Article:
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Creating a diverse workplace 

Origami birds 

Kevin Ellis (Industrial Economics, 1984), Chairman and Partner at PwC UK, shares his thoughts on creating inclusive and diverse workplaces...

Kevin Ellis, Chairman and Senior Partner, PwC"One of the highlights of my job is returning to the University of Nottingham every year for the Milkround. It brings back great memories and I get to talk to the students about their career interests and aspirations, and listen to what matters to them most.

One thing that strikes me is that I still meet young people who don’t think a professional career is an option for them. 

Recent research from the Social Mobility Foundation found a clear link between where you are born and your future success –many people are still held back by where they grew up, where they went to school or what their parents did for a living. Breaking down these barriers is vital. 

Businesses have a responsibility to try and put that right. One of the ways to do this is through employers working with schools and reaching right across the country as early as possible to help raise aspirations and increase awareness of career opportunities. My own business is stronger for having people with diverse backgrounds and experiences, but I also see benefits more widely. Social mobility is a priority and we know we still have further to go to achieve a truly diverse workforce. 

It’s not just about getting people into the workplace either, it’s about giving people equal opportunity to progress and fulfil their potential. Recent pay gap reporting, for example, has highlighted the under-representation of women and ethnic minorities in senior positions in many organisations, including my own. 

There is a strong public interest in diversity, equality and inclusion and, therefore, a need for transparency on all matters relating to gender, ethnicity and social mobility if we are going to shift the dial. In the spirit of the government’s regulations, PwC has now included total earnings of partners – the owners of the firm – as well as our employees to give the most rounded picture of our firm’s gender and ethnic pay data.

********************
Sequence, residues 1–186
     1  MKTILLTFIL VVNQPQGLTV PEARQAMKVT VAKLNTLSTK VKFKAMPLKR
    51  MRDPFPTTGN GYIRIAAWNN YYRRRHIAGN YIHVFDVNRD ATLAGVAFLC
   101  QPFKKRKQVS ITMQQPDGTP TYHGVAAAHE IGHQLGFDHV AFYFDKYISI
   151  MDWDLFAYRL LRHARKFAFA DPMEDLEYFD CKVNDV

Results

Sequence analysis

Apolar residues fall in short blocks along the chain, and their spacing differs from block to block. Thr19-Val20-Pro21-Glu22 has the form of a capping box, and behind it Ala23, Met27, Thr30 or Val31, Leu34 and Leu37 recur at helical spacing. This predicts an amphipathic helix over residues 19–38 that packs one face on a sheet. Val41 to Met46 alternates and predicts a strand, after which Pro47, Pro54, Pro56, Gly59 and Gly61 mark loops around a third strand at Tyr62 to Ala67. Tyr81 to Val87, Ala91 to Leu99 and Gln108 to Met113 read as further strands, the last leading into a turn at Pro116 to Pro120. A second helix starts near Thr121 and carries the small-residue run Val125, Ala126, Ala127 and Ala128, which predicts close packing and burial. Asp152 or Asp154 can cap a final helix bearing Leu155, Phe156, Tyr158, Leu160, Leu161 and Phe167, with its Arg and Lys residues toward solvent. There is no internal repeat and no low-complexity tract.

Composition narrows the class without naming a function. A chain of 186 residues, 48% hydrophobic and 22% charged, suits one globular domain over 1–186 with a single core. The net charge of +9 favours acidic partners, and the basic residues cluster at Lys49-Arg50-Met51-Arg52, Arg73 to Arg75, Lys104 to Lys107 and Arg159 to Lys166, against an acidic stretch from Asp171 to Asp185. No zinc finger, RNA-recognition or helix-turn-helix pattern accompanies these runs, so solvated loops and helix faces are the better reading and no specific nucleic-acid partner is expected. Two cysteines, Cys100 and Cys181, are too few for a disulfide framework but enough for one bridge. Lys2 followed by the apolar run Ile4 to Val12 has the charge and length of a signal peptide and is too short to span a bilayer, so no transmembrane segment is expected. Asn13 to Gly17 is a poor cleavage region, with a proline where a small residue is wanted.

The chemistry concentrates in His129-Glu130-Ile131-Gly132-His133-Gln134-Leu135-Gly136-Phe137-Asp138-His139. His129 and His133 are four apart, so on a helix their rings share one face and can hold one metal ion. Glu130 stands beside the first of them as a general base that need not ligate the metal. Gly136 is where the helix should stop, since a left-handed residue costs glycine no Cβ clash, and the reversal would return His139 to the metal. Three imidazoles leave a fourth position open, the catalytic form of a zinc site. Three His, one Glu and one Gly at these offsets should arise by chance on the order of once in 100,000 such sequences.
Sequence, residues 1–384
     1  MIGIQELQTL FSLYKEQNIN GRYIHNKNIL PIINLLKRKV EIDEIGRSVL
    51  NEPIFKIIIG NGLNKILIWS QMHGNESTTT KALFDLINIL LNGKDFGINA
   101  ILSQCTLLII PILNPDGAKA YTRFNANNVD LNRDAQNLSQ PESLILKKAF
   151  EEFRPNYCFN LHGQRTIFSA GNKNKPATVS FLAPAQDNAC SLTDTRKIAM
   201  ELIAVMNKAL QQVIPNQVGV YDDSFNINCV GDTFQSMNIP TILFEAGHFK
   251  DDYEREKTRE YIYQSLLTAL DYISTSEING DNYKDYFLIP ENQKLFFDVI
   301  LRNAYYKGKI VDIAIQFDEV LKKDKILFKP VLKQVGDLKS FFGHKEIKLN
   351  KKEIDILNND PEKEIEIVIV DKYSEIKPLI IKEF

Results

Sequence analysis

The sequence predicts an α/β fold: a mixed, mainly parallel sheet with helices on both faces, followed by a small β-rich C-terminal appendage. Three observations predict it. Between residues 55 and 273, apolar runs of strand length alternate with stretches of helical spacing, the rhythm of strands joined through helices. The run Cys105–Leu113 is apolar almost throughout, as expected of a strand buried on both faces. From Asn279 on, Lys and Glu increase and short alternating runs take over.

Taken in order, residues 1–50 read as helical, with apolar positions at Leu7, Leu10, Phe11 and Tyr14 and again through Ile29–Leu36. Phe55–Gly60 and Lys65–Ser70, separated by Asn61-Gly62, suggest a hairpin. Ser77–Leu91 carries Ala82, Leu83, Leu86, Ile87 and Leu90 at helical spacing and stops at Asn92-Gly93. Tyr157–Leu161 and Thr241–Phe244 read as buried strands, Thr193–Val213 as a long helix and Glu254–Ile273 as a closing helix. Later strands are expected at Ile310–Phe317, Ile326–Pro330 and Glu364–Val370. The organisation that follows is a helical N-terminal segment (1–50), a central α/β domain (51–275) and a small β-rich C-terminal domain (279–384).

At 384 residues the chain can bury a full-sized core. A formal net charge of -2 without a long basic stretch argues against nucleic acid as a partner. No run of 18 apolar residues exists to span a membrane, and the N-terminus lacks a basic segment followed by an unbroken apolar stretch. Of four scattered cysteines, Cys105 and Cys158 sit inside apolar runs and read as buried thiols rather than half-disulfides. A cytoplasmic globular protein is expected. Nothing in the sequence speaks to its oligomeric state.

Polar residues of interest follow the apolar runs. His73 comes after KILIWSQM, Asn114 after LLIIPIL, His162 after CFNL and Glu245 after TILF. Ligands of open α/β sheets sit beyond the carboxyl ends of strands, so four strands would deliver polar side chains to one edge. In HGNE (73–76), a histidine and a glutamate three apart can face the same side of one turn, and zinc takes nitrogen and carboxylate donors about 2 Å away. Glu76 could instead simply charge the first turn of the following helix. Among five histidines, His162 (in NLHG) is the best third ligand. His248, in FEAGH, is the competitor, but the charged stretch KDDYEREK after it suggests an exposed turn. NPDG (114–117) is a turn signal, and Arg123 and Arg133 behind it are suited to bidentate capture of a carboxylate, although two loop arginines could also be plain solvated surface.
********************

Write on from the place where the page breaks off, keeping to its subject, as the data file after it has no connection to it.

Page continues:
At PwC, we publish our gender and ethnicity targets and the progress we’re making against them in our digital annual report, along with analysis of the backgrounds of our graduate intake. For example, the proportion who went to state school or were eligible for free school meals. There is clearly appetite for this information – these pages are far more widely read than my opening comments. 

Employers will cease to be attractive to future generations if we fail to address these issues and make the necessary changes. Only through greater transparency and focused action will we be able to create a fully inclusive and diverse workplace where everybody can reach their full potential and be rewarded accordingly." 

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